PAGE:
My Favorite Street: Rue Saint-Denis, Paris
BY Veronique Vienne | Sep 21, 2017 | Urban

 

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All photos by the author.

 

A good street is like a river. Rue Saint-Denis flows through the history of Paris. It’s a segment of an ancient trade road that dates from the Bronze Age—a thoroughfare for merchants and pilgrims working their way up and down the French peninsula between Spain and England. A historic street, it winds its way down, from the top of Paris, Porte de la Chapelle, to the middle of the city, Place du Châtelet. Its course coincides with the north-south axis of the Roman cardo, the Via Agrippa.

Countless feet, hooves, and wheels have carved the path of the oldest street in Paris. Still relatively narrow, rue Saint-Denis feels like a riverbed, with many tributaries feeding into it.: some are bucolic alleys, others are slightly seedy lanes, while still others are nostalgic skylit galleries with old-world elegance.


LEFT: A good street is like a river: it carves its bed through layers of history (upstream: rue de Faubourg Saint-Denis). RIGHT: A good street is older than the city it runs through. You can follow it downstream, all the way to Spain (the Porte Saint-Denis is the gateway into medieval Paris).


LEFT: A good street has many tributaries: side alleys that meander around backyards (a private lane, upstream). RIGHT: A good street lets you navigate between sun and shade (high noon).

Remarkably un-gentrified, rue Saint-Denis provides the kind of urban habitat that breeds diversity. Ethnicities and social classes coexist peacefully, some more dominant than others depending on the hour, the season, or the day of the week. North of the arch, the rue du Faubourg Saint-Denis, as it’s called upstream, is a bazaar: sharing the sidewalk are Pakistani motorcycle enthusiasts, African jewelry makers, Chinese food vendors, and moms pushing strollers.

South of the arch, the oldest profession in the world is practiced openly on some corners—this section of the rue Saint-Denis is not a tourist destination, and few Parisians venture there after dusk. Let’s just say that cool hunters, fashionistas, trendsetters, and foodies have yet to discover it. The rest of us embrace it all.


LEFT: A good street has sheltered coves. These traffic islands are popular with gawkers (sketching in the shadow of Porte Saint-Denis). RIGHT: A good street has secrets. Legends, folktales, and ancient memories flow through it (detail of a bas relief on Porte Saint-Denis).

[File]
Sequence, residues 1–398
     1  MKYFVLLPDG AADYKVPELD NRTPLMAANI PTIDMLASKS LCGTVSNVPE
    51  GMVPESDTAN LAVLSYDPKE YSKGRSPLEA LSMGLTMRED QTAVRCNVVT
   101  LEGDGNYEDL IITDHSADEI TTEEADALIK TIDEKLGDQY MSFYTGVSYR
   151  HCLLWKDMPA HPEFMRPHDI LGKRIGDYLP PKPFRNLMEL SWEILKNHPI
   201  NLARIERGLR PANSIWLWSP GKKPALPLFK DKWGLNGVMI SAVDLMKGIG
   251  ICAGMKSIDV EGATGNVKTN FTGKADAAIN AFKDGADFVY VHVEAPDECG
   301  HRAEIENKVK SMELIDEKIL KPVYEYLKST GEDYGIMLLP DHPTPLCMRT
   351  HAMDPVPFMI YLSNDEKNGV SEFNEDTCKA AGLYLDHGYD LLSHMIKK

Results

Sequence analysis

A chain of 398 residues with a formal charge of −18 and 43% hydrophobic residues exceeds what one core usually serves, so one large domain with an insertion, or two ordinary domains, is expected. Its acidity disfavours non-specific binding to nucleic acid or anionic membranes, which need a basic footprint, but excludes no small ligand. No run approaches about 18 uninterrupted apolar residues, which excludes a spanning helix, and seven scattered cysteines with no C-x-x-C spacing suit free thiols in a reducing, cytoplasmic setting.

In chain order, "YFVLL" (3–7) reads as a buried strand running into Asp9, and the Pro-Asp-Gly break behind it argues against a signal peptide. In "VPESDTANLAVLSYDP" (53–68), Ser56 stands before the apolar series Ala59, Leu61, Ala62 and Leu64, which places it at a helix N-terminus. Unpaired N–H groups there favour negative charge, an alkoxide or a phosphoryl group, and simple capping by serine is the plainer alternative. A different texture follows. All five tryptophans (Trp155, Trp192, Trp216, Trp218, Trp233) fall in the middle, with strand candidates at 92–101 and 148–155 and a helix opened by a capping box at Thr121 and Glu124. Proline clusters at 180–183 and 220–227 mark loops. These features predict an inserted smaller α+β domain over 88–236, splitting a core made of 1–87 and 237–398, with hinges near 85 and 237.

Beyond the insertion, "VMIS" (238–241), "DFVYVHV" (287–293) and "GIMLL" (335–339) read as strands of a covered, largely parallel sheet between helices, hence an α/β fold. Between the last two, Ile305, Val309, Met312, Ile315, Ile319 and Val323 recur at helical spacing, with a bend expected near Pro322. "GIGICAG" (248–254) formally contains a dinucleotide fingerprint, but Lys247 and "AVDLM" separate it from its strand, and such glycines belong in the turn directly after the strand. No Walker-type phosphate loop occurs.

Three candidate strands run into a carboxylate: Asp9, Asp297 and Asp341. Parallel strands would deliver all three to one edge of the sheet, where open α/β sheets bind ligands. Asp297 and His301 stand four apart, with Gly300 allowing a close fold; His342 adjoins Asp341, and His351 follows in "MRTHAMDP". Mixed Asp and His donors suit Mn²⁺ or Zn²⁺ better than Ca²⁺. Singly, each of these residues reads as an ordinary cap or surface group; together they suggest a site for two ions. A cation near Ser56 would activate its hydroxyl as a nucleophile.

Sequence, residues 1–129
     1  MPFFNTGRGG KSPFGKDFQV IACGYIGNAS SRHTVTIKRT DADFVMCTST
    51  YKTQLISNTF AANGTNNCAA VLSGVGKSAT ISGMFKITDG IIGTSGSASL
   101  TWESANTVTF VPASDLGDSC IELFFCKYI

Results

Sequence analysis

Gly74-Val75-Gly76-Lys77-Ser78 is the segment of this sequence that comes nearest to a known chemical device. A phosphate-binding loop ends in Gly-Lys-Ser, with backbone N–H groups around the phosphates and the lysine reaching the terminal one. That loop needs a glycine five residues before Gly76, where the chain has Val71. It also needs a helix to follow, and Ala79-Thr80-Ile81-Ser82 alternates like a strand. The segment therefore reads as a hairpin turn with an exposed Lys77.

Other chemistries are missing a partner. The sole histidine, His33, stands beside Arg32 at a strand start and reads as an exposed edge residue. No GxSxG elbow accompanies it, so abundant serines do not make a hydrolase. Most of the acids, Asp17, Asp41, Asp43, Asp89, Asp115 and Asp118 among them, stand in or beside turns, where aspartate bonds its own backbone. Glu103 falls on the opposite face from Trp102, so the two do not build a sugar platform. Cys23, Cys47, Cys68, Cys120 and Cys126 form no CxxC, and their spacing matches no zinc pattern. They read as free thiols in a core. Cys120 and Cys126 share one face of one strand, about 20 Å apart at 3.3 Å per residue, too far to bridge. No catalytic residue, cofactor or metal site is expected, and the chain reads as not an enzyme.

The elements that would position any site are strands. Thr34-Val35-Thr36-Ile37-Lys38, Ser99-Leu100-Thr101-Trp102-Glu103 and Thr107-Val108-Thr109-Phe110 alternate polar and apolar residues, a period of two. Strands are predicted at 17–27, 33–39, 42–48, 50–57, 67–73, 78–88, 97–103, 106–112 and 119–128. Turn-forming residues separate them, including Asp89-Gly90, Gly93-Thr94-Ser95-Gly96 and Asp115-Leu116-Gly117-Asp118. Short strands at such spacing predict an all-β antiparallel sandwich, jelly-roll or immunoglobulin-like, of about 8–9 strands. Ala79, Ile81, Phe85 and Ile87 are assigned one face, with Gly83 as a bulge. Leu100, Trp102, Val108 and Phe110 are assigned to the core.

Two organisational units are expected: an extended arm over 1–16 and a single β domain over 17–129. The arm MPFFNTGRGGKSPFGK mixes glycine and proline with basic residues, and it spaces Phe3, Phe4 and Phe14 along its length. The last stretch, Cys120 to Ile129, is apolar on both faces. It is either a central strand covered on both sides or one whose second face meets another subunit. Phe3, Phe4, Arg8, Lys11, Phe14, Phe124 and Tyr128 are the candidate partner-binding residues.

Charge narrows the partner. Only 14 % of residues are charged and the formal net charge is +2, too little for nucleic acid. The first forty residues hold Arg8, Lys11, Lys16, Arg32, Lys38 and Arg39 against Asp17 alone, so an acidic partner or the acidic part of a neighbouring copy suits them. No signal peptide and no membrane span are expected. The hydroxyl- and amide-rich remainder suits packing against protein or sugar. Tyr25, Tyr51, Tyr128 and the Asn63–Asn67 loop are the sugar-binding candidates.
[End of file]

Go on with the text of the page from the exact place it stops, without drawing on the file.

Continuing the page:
LEFT: A good street has corridors where kids can play (Passage du Caire). RIGHT: People can’t help but spill all over good streets (ten o’clock on a summer night, rue Saint-Denis).


A good street has arcades, slightly seedy, but still fancy (Passage Brady, one of the street’s most famous skylighted passages).


LEFT: A good street’s pavement is worn to perfection (Passage de la Trinité). LEFT: A good street provides small eddies of serenity along its banks (Evening rush hour rue du Faubourg Saint-Denis).


A good street is like a river. It flows placidly through wildly different landscapes (before dusk, in the heart of the red light district).

The flâneur that I am relishes sneaking into courtyards, peering through gates, and exploring the maze of alleys, arcades, and galleries.

Everywhere you look, someone from the past has a story to tell. Dominating the narrative are a saint, a king, and a philosopher.

First Denis, the Christian martyr who gave the street its name. Avatar of Dionysius, alias Bacchus, he is the patron saint of Paris, a city known for its libertine ways. Looming large as well is king Louis XIV, for whom the monumental Saint-Denis arch was built—just I Qme for his funeral procession. Most intriguing is Walter Benjamin, the German philosopher and art critic who, upon studying the street’s covered passages and its shopping galleries, predicted the advent of the consumer culture.

Rue Saint-Denis, your feet guide your thoughts. 

 

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About the author

Veronique Vienne is a design critic and journalist. She is the author of "Becoming a Graphic and Digital Designer and Citizen Designer." She lives in Paris, where she conducts workshops on design criticism as a creative tool, and and teaches marketing and branding at the New School/Parsons Paris.